0

I knew that the format of the TLS handshake message is as below.

"Record header+Handshake layer header+ Handshake message"

Now i have confusion while analyzing the TLS handshake messages on TCP. How the structure would look like from server in response to client hello.

Note:- Since TCP can handle segmentation i believe server hello,server crt ,server key exchange,server hello done can be handled can be received in segments and provide to tls.

There fore how does the raw date look like at the end of the all frames received till TCP ?

will be it be as below ?

Record header+Handshake layer header+Server hello +Record header+Handshake layer header+Server crt+Record header+Handshake layer header+server key exchange+Record header+Handshake layer header+server hello done

  or will it be omitting the record header ??

Record header+Handshake layer header+Server hello +Handshake layer header+Server crt+Handshake layer header+server key exchange+Handshake layer header+server hello done

3

This is implementation-dependent. The RFC says clearly that messages with the same content type MAY be put together into the same record but also that a single message might spread over multiple records. From RFC 5246 (TLS 1.2) section 6.2.1 Fragmentation:

Client message boundaries are not preserved in the record layer (i.e., multiple client messages of the same ContentType MAY be coalesced into a single TLSPlaintext record, or a single message MAY be fragmented across several records).

  • @ steffenUllrich thanks for the information!!. I am trying to analyze the TLS handshake traffic.Below is the question based on the above clarification:- 1) The above statement holds good for Handshake messages as well ? 2) if the single hand shake message is spread along multiple messages ,How does the Client side implementation know that the new message is continuation of the last message? – kumar s Oct 18 at 14:08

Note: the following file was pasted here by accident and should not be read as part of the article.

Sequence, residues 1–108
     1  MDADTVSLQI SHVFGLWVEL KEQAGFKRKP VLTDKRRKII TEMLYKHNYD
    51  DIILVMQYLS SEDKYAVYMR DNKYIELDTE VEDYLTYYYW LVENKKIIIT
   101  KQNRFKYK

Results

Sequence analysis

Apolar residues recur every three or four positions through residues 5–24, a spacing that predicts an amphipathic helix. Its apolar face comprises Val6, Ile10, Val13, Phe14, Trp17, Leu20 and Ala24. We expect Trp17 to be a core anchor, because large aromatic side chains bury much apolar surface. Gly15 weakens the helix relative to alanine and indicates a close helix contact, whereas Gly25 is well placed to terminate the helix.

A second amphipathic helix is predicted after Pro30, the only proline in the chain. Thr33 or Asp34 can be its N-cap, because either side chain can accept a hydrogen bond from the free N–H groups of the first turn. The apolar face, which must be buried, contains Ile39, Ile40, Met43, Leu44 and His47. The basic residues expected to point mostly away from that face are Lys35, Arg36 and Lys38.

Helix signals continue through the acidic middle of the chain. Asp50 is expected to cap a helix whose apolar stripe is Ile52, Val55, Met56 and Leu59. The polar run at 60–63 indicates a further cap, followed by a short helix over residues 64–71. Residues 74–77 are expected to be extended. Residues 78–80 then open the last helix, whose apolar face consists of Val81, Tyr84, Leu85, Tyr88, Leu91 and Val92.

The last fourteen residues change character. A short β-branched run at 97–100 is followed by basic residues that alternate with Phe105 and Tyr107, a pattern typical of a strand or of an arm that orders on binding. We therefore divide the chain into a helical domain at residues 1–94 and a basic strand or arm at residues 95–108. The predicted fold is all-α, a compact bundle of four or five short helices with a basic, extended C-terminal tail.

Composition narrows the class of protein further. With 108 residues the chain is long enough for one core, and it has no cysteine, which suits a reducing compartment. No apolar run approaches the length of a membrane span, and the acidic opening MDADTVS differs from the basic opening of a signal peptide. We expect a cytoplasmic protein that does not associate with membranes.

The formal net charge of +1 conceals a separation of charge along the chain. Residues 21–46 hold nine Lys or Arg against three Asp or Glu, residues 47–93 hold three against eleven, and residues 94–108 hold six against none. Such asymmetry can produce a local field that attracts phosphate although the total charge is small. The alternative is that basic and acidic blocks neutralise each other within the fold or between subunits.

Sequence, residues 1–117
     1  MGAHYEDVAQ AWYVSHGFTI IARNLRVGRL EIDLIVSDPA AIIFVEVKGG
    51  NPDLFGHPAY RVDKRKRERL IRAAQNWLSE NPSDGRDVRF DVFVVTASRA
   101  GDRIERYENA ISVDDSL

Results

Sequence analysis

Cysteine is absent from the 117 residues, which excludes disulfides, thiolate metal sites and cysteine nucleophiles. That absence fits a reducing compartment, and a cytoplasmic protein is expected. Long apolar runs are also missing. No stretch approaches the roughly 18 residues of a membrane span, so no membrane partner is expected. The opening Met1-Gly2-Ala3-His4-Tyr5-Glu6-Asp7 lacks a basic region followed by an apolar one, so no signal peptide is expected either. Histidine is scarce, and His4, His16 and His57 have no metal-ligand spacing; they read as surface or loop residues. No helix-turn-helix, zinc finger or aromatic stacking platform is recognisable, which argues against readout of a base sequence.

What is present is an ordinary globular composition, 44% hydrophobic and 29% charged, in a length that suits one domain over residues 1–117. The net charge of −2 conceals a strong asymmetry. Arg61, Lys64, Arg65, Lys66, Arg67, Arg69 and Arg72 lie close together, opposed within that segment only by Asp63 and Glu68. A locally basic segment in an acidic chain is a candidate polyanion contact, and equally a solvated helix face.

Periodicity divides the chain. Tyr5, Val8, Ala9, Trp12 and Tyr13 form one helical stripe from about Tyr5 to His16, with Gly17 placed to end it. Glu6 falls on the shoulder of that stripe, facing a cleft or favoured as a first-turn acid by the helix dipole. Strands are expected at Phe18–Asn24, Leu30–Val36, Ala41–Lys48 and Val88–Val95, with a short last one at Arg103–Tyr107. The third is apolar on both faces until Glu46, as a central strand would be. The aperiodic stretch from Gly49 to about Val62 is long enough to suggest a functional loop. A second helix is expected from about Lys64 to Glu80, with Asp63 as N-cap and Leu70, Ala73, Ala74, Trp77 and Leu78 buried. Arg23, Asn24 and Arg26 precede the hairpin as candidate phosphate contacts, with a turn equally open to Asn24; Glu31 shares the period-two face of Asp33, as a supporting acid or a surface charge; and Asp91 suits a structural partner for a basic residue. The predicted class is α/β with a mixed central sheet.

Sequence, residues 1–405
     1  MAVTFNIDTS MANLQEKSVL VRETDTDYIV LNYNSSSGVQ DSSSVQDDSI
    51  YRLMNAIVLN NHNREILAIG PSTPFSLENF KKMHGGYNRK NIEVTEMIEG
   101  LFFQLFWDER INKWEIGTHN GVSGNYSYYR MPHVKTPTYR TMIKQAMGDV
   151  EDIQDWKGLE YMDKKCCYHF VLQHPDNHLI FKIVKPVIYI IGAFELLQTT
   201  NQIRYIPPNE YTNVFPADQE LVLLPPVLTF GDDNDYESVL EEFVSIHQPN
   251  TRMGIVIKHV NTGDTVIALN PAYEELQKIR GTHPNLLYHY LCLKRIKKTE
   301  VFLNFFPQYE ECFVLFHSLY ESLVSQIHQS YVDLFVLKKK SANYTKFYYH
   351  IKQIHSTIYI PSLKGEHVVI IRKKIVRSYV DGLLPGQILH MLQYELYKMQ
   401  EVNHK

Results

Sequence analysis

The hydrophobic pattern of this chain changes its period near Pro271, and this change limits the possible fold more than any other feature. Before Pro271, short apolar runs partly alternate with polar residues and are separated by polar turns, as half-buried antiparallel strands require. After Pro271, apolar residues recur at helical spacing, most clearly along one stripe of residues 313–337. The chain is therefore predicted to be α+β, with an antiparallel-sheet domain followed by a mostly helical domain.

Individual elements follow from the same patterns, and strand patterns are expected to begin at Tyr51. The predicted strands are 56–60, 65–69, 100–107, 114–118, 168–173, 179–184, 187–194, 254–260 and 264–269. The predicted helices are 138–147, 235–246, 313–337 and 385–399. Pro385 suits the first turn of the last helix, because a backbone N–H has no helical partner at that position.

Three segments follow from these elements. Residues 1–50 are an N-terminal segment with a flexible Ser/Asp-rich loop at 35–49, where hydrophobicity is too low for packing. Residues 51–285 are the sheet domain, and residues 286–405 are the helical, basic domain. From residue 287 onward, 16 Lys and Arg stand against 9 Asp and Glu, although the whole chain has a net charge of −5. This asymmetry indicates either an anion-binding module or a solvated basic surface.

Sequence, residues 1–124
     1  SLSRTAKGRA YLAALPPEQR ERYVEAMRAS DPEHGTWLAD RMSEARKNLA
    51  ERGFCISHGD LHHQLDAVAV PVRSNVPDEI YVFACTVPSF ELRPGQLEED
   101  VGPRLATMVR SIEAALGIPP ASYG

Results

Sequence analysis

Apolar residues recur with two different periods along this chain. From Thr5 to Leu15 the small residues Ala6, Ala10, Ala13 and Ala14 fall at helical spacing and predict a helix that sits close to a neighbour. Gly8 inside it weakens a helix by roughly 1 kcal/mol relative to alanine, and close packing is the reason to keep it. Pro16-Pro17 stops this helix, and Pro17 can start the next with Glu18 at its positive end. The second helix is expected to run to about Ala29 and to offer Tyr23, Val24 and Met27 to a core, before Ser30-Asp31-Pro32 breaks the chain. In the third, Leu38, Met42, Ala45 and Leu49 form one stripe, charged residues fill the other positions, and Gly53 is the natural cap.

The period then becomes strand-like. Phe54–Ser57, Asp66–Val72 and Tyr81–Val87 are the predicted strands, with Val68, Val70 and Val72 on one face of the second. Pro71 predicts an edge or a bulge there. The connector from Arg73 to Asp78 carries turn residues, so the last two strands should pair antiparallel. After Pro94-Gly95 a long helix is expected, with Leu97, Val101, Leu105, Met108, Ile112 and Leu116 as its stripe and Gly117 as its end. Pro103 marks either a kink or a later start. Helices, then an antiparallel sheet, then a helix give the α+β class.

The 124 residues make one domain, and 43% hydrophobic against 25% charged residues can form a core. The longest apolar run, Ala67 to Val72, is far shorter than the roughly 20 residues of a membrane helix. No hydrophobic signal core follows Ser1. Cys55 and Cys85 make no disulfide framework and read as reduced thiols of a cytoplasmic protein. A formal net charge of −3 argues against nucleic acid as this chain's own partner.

• @kumars: a) Since Handshake is a single content type this is also true for Handshake messages. b) The messages (like Handshake) have their own length information and thus it is clear if the message is complete or not. If not complete it will be continued in the next record. For example in RFC 5246 section 7.4 you will find the struct Handshake with the field length. – Steffen Ullrich Oct 18 at 14:56
  • 1
    Remember Change Cipher Spec, although used only in handshake, is a different record type thus 'unmixy'. – dave_thompson_085 Oct 19 at 6:13
  • @dave_thompson_085: Thanks for pointing out that there is a difference between "Handshake" as a specific content type and "Handshake" as the process which includes messages with different content types, including but not only the "Handshake" content type. Mixing of messages within the same record cares about the content type, not about the process. – Steffen Ullrich Oct 19 at 6:49
  • thanks @steffenUllrich,@dave_thompson_085..Its clear right now. – kumar s Oct 20 at 17:52
0

All the PDUs of TLS (client hello, cert, server hello and so on) can be segmented by TCP with no problem, in general is responsibility of the operating system take all the parts and once all the data is ready at Layer7 (Application) then pass to the application (the program). If you want to think in sockets for example, you can think on a write operation of 5000 bytes that TCP will split on different packets, but there is no IP fragmentation here, is the TCP layer that splits the 5000 bytes. On the other hand, the receiver will wait on a receive system call (recv, read, or whatever) until all the 5000 bytes are received on the TCP stack and then unblock the syscall and pass the control to the application.

Your Answer

By clicking “Post Your Answer”, you agree to our terms of service, privacy policy and cookie policy

Not the answer you're looking for? Browse other questions tagged or ask your own question.